The Ambiguous Fish
Lachlan Marnoch, 2015
The ambiguous fish mocks me from the rock. A forgotten skeleton, not bones anymore, but stones, taunts me with intermediate features. The empty eye socket stares smugly into mine: “You don’t know what I am.”
The fish lurked there for a million years, gathering dust and rock, patiently waiting for the right moment to resurface and befuddle a simple palaeontologist. Dumb little thing.
Pick a branch on the tree of life and stick to it next time, I think as I brush soil from its tail. The damn thing is an evolutionary oxymoron, a paradox of traits. It has fins that simply don’t belong with its ribs; teeth that don’t make sense in those jaws. And there are traces of mollusc shells in its stomach, against all dentitional convention! And that’s not to mention the location. What the hell is an unknown species of bony fish doing in the Quaternary strata, in a place that hasn’t seen water in almost twenty million years?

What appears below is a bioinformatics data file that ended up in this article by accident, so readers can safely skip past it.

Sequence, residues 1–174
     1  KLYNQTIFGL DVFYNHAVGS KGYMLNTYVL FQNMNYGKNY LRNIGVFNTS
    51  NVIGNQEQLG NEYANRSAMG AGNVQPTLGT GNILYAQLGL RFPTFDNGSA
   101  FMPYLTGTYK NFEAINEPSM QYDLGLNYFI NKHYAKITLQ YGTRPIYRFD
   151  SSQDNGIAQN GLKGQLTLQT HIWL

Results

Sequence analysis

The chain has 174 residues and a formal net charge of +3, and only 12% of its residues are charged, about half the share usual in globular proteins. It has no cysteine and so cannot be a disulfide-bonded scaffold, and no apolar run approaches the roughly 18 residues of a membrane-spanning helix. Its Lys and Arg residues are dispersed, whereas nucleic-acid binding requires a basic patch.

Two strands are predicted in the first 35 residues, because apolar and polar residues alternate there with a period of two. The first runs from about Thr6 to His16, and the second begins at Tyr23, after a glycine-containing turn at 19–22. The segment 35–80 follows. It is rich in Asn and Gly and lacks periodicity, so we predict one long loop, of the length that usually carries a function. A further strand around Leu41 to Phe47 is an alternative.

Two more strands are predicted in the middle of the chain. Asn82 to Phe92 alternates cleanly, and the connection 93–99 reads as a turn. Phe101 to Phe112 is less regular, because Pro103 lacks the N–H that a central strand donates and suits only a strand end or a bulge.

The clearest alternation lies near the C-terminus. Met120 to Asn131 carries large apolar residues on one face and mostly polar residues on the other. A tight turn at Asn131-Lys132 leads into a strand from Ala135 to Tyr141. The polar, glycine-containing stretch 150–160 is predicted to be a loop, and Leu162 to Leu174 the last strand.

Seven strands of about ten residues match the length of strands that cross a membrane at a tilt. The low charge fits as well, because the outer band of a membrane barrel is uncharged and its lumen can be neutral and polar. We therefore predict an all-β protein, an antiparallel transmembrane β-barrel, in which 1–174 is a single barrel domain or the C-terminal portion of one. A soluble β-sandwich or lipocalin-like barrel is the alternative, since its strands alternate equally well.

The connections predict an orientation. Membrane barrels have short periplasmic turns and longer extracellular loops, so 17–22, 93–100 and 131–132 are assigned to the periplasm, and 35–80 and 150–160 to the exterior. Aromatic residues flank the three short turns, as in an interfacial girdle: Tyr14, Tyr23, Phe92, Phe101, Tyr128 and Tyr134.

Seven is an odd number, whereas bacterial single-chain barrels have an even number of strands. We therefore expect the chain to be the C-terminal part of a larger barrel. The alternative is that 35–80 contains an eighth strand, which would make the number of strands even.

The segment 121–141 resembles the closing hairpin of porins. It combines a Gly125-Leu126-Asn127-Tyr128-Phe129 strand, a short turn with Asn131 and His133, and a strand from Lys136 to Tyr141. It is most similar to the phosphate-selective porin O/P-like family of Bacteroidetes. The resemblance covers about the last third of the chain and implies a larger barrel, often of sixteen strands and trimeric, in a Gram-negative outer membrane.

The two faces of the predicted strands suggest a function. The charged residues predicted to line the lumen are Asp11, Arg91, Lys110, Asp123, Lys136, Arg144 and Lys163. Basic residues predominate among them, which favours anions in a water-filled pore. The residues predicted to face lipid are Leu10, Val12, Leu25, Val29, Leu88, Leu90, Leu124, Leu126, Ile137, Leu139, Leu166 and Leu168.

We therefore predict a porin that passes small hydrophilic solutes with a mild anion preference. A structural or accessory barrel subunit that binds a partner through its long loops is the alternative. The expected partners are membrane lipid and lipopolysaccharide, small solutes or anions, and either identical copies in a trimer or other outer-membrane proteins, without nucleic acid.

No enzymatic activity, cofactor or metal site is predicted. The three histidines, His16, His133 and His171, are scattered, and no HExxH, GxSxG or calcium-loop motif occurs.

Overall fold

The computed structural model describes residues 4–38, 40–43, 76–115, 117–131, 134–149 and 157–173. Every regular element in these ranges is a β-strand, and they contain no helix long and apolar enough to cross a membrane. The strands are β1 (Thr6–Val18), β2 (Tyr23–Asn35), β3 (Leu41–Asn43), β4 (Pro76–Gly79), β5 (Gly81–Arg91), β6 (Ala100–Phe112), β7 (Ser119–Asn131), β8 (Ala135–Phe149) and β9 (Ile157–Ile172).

Sand is in my boots and the sun chews my skin. Is it too much to ask that a journey here might result in something a little less uncomfortably defiant?
Another man might enjoy this discovery.
“Something new!” he’d say.
“This challenges our way of thinking about adaptations in Calabrian-era fish!”
“Perhaps we’ve been mistaken this whole time! What if fish don’t live in water at all!”
Not I. The universe is as I know it. What use is a universe you can’t pin down?
I grumble as I stab at the fish, just a little too hard. The tip of the chisel glances off the spine and sends a flake of former bone flying.
(Disclaimer: The Ambiguous Fish is based on the most elusive specimen of all - a fictional one. The one above is just a neat picture. So don't waste too much time hunting for more information on the curious animal!)